ROME — Venice's mayor on Monday mocked critics of giant billboards that cover many of the city's historic monuments undergoing repair, following an appeal by leading international museum directors and architects.
Giorgio Orsoni, speaking in a telephone interview with AFP, advised disgruntled tourists to go home and look at photographs of famous sights such as the Bridge of Sighs or St. Mark's Square from the comfort of their own sofa.
"If people want to see the building they should go home and look at a picture of it in a book," Orsoni said.
Addressing his critics, Orsoni quoted a Venetian saying that translates as: "Before you speak, be quiet."
Growing anger over the huge, floodlit advertisements for Coca-Cola, Rolex or Bulgari that obscure palaces up and down the Grand Canal drove art world figures to publish an appeal to Venice's mayor in The Art Newspaper on Sunday.
"We ask you to imagine the disappointment that the 17.5 million visitors to Venice this year will feel," read the plea.
"They come to this iconic city with an image of it in their mind's eye and instead they see its famous views grotesquely defaced," it said.
Among the sights covered this year are the Doge's palace in St. Mark's Square, the Santa Maria della Salute basilica and the Bridge of Sighs.
Signatories of the appeal included award-winning British architect Norman Foster, as well as the directors of the Museum of Modern Art in New York, London's British Museum and the State Hermitage Museum in St. Petersburg.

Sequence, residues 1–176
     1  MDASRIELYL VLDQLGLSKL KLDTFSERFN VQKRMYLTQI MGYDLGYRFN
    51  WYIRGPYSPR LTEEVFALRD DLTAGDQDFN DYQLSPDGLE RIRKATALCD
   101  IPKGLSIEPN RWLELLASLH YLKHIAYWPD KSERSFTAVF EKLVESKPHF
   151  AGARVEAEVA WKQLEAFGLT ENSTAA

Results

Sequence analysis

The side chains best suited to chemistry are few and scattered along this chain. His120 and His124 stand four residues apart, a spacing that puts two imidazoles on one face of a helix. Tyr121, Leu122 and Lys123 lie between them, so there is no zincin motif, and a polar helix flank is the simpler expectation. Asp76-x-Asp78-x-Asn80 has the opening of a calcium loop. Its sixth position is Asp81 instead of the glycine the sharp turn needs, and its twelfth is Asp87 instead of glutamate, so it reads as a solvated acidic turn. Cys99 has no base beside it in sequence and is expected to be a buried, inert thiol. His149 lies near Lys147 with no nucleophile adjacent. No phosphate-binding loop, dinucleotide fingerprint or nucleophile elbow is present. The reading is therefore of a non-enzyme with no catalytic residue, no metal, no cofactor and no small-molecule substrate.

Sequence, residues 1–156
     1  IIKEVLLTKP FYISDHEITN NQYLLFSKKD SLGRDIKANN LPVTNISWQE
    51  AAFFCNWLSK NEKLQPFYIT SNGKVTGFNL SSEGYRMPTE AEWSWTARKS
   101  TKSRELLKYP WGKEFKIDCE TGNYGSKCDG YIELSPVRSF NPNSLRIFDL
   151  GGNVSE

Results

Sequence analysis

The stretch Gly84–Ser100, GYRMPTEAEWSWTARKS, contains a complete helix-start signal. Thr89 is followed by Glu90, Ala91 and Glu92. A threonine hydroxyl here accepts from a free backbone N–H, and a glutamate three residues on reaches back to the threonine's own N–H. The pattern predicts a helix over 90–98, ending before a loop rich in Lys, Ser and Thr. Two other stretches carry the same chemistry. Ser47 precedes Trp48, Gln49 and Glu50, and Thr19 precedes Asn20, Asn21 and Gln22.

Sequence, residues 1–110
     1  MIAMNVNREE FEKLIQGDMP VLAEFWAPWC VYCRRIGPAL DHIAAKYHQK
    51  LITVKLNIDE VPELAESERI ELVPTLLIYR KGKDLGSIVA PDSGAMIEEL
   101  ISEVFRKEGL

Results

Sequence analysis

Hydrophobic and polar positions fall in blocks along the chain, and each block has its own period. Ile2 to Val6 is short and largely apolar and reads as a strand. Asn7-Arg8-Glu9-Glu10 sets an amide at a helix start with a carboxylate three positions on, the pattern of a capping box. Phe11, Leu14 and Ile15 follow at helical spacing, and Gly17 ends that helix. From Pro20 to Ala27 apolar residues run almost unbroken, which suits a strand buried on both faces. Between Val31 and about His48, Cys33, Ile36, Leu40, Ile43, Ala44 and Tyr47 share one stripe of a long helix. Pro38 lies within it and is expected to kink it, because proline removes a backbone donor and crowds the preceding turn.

But Orsoni said the advertisements were necessary as they were helping to fund the renovation of buildings badly in need of repair.
"The only way to get around the problem would be to have a magic wand and repair all the buildings in Venice without having to cover them up," he said.
"These days public money is tight. I would be very happy to accept donations... if they're willing to give them," he added.
Giandomenico Romanelli, director of the Doge's palace gallery in Venice's main square, told AFP that some of the city's monuments were in such a poor state of repair that falling pieces of mortar posed a risk to public safety.
He said the aim was to find a balance between bringing in funds and keeping the numbers and size of the brightly coloured billboards at a level that residents and tourists will tolerate.
"Of course we can't simply grant advertisers' wishes in return for money," he said, "I think we have to negotiate."
Restoration costs for the palace of the Doge -- the traditional seat of government in Venice when it was its own state -- have been estimated at around 2.8 million euros (3.8 million dollars).
The revenue from billboard advertising on the palace is around 40,000 euros a month for three years, The Art Newspaper reported.
But Romanelli said the advertising companies had the best end of the deal.
"The adverts don't bring in enough money. At the moment, the visual impact far outweighs the amount they raise," he said.
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